I work with a lot of batiks because they give me the painterly effect without much effort on my part. The one downside to batiks, however, is that pale colors are quite difficult to find in any variety. If you have been following the Purple Finch Finch posts, you will know that finding an almost white with limited yellow, hints of whisper blue grey and tinges of faded lime green for my Japanese Snowbell flowers has been no easy task. Manufacturers have only just started releasing white batiks with barely there hints of color.
Working with white is not simply choosing a pure white and stitching it down. White reflects light and color in both light and shadow. Yes, there is a variety of color in white. Without these hues, the white would be be flat and boring and very much one dimensional. The eye smacks up against a visual brick wall–in other words, no depth. This depth is essential to create the dimension and realism which pulls the eye around and into the composition.
With many batiks, if you turn them over, you get a variety of even lighter hues in comparison to the front. I call it getting more color and hue bang for my buck. One fabric, many options. Many times I have looked at a batik and thought to myself, if it was just one hue lighter it would be perfect. Well duh, I finally took a look at the backside and there was the perfect hue! I think when you grow up learning to sew at a young age and gain lots of experience with garment sewing, you are mechanically trained to think of the wrong side as, well……. the wrong side. I am re-training my brain not to see “the wrong side” but another option for achieving what I desire with color.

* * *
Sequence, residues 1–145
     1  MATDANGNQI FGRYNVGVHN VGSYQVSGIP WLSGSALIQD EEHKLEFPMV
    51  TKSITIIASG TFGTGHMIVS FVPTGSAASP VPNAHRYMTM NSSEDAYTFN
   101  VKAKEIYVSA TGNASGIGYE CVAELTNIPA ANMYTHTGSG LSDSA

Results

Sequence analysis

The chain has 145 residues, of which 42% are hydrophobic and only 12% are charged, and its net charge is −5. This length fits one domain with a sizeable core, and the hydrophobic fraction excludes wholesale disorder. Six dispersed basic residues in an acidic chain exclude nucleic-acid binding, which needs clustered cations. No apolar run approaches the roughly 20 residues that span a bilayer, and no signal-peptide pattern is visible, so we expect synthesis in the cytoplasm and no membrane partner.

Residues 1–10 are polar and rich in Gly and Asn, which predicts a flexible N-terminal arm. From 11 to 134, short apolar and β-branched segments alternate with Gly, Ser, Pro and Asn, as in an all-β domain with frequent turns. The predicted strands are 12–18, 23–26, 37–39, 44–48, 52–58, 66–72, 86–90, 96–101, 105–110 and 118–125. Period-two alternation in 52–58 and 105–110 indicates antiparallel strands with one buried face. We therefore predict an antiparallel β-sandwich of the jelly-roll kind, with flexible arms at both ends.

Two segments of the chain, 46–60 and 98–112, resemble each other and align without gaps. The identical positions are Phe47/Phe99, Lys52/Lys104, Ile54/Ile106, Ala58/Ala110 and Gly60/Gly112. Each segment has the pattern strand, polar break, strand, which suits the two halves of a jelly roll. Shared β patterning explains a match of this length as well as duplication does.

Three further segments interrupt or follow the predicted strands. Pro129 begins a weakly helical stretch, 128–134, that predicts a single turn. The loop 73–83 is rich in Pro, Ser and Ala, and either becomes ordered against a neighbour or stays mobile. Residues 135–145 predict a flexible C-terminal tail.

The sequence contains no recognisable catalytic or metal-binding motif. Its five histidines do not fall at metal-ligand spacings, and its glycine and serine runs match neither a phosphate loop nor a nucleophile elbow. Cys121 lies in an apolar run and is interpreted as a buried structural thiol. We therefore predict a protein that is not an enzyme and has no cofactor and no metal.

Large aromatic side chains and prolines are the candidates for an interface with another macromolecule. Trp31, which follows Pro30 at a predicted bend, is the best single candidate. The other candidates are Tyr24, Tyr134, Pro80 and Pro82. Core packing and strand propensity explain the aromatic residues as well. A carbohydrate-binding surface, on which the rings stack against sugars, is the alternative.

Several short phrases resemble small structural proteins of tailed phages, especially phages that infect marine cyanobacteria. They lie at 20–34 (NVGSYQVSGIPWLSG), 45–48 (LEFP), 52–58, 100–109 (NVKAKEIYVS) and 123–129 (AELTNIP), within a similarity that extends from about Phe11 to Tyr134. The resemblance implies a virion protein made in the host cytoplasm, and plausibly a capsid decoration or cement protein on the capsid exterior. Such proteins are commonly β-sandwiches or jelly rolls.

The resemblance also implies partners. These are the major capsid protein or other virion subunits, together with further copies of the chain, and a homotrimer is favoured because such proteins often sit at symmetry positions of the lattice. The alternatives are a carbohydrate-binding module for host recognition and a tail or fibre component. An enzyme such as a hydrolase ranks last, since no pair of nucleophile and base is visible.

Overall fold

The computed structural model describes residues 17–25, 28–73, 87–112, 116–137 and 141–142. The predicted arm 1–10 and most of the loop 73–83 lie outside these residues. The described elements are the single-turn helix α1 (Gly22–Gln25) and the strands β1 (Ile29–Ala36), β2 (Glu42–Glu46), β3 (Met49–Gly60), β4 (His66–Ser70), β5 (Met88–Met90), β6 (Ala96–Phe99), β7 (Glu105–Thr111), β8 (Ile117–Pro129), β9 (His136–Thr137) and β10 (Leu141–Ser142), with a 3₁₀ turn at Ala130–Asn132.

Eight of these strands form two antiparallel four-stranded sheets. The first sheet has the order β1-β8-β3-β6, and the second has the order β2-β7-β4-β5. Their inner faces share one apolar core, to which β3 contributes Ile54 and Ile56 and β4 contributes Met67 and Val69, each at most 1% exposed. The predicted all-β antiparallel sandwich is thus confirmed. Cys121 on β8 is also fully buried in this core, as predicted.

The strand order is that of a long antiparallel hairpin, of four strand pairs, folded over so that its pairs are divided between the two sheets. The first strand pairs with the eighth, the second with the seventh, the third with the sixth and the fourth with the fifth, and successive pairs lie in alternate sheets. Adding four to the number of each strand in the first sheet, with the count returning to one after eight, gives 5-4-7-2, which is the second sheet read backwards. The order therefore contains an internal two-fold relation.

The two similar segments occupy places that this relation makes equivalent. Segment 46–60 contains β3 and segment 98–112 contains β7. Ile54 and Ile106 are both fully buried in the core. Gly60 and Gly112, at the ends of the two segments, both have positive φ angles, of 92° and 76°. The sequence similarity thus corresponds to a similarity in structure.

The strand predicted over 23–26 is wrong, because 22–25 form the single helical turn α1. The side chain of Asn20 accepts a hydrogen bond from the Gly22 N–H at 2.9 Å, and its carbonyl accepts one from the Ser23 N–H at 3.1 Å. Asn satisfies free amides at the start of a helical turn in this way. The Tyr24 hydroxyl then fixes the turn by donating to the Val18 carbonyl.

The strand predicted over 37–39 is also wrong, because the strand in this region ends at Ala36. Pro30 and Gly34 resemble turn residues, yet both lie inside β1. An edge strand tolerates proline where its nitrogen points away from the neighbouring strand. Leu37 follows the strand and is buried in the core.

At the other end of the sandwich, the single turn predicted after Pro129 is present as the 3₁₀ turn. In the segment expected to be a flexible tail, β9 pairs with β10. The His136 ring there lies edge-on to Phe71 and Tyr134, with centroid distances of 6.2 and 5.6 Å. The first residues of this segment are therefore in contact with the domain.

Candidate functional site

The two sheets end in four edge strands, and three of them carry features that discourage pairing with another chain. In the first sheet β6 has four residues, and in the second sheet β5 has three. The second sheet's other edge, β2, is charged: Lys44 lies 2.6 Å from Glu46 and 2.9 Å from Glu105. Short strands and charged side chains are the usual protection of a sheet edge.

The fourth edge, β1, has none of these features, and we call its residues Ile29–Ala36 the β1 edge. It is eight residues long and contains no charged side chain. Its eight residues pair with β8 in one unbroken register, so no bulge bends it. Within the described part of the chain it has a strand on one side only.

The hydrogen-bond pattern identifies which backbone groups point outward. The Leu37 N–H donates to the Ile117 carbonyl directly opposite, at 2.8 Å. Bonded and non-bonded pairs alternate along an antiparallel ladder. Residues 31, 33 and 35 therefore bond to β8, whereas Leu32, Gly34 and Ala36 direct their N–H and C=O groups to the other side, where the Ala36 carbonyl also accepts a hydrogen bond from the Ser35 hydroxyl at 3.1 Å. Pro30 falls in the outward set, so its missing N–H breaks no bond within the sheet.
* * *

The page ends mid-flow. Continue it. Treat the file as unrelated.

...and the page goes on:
Not all batiks are like this. Some have the color permeating through consistently to the back just as vibrant as the front. I am finding more and more, especially with the pale colors, that this may not be the case. Some batiks have an obvious wrong side. This “wrong” side has expanded my palette exponentially. It was my salvation for the flowers.
So if your batik “white” is not pale enough, turn it over. Most likely you will see that instead of one shade of white, you now have two with a very subtle transition between them.
I should add that with cotton prints, this rarely offers up a viable option. Cotton prints are “printed” and this means the ink is rolled on the surface without penetrating the fibers. The batik uses dyes that actually penetrate the fibers in varying degrees. This is why the batiks offer more choices without sending up a red visual flag that a “wrong side” was used and not very successfully. You do not want people to stop and think, “did she mean to do that, or is it a mistake?”. You want no interruption with the eye as it takes in the design.
Sometimes I still have to give a little bit of artificial enhancement in the form of a slight (almost negligible) smudge of colored pencil. In this case, as I replied to a comment in an earlier post, Prismacolor pencil #PC1005 “Limepeel”. A slight touch for the deepest shadow area and then I used my colorless extender and a stiff small brush (flat) and blended it out. I could now see in fabric, what I was seeing in my head. Color me happy.